2. The only time a practitioner should ask for personal information is when it is directly relevant to effective clinical treatment of the patient.
    The technician had no need to know about what activated the pain and sensitivity or what my choice was for how to deal with the nodules or what the results of my blood test were.
  3. Dual realities are real.
    Just as gender dynamics can make for totally confusing and fucked up human interactions, so can the provider-practitioner relationship and medical context make for all kinds of wanky and conflicting dynamics. Just because I was going along with the banter and just because I was enjoying some aspects of this practitioner’s energy does not mean I would have chosen that kind of interaction or that it was appropriate. And the fact that I participated in it goes back to #1: The practitioners need to make a safe space where patients do not feel compelled, however blatantly or subtly, to participate in dynamics that do not feel comfortable for them. Just like teachers need to create a safe space for students and not misuse their power or access to information.

 Oh one final thing: My mom, Gd bless her, who is always there for me and steps to the plate, came with me to the appointment. Despite having a hard time walking. And after the appointment, when I left, the technician ended up coming down the hall and finding me. (I waited for her, but she didn’t show for nearly 10 minutes, so I left.) And when she saw me and my mom, with my mom in her walker, the technician said, “Who is taking care of whom here?”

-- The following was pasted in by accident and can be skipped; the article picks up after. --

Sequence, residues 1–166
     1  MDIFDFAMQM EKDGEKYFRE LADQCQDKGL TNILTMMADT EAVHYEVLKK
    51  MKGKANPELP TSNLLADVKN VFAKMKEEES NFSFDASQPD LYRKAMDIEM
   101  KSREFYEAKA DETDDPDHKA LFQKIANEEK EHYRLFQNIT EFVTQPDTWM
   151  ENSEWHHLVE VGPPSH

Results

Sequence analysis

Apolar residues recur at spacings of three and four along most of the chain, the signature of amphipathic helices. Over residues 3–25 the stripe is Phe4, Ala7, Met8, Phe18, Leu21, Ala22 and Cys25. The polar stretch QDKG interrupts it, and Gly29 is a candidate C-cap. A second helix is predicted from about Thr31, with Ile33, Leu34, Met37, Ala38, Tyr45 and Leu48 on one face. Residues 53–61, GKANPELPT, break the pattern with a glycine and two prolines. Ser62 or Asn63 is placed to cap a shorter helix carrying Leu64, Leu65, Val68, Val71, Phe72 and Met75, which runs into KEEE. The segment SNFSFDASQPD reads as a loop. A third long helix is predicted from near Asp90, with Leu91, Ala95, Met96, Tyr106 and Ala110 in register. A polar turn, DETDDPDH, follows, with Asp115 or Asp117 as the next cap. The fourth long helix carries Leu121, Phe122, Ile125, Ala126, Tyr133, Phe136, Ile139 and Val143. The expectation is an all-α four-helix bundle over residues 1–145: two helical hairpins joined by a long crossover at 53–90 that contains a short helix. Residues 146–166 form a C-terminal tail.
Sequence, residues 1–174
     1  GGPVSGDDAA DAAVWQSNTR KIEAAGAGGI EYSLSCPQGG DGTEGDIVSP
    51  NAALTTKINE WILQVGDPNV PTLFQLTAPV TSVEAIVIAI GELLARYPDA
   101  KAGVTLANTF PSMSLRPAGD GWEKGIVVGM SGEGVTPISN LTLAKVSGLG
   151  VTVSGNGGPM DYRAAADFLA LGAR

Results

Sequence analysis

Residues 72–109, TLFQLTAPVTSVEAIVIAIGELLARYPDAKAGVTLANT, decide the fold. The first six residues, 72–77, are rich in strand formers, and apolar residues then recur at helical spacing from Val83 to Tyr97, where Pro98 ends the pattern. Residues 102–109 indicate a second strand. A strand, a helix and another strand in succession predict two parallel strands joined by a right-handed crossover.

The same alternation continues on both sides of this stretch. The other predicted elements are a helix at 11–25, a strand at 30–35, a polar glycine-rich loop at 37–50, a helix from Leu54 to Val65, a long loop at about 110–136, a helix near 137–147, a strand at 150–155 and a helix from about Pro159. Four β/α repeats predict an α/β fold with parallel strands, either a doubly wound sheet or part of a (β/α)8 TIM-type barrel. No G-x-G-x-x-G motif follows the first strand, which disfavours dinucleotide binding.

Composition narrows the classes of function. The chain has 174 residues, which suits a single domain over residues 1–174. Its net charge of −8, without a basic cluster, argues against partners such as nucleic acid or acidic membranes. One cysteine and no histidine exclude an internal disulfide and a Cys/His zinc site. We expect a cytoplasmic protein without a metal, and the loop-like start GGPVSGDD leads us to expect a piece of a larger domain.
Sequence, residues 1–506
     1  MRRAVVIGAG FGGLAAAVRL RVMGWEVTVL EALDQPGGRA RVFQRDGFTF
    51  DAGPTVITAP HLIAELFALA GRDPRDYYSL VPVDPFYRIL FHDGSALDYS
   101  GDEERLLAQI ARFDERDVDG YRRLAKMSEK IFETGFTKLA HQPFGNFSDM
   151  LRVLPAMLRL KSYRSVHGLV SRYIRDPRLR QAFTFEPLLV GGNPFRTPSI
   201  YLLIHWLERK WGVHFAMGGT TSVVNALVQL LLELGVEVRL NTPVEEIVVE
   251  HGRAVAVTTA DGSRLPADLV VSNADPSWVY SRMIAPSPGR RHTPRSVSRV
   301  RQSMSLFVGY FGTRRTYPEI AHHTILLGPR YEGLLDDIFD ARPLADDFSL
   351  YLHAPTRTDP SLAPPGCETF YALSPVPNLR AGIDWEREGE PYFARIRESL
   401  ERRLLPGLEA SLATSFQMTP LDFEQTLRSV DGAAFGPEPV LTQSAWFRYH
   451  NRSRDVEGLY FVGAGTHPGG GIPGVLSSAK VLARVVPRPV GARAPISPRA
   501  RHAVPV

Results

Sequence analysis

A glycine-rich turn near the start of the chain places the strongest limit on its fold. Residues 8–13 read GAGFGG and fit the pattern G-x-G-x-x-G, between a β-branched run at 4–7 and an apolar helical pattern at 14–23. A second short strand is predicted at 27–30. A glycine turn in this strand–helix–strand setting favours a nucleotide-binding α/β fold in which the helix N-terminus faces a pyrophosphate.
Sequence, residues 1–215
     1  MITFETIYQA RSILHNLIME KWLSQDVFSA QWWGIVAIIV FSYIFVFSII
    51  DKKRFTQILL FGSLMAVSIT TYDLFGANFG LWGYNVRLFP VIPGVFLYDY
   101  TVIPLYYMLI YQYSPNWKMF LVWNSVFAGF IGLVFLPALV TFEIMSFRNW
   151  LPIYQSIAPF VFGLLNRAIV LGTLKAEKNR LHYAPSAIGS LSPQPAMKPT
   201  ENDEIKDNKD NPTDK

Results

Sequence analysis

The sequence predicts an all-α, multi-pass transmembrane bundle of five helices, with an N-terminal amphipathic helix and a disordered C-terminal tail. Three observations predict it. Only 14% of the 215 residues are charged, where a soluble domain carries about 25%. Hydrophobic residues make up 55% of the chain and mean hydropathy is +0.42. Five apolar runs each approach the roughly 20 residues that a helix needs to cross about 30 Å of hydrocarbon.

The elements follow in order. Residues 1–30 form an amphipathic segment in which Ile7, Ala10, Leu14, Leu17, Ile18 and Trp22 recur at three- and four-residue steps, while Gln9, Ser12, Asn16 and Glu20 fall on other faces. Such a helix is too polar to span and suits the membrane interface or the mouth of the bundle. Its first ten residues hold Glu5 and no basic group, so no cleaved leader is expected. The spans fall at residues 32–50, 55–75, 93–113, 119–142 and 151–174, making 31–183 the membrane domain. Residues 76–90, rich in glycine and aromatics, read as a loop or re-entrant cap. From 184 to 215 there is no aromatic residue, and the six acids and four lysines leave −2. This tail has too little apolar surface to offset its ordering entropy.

It felt like an intrusive question. It also felt at the heart of the “but you don’t look sick” phenomenon. Sometimes those of us who look really strong on the outside have a lot going on inside and need help.

“It’s mutual,” I answered her, without skipping a beat.



Comments

Radiation safety expert June 20th, 2011

Thank you so much  for sharing your experience.
The tecnnician can only explain the process to the patoent  such as “I finished the right side; let me move to the left side” but only the doctor can discuss the findings with the patient and  what to do next. The readers of your wonderful blogs can offer suggestions and explanations to educate you and to ease your pain, but such suggestions should not replace medical advice.
My best wishes to you:)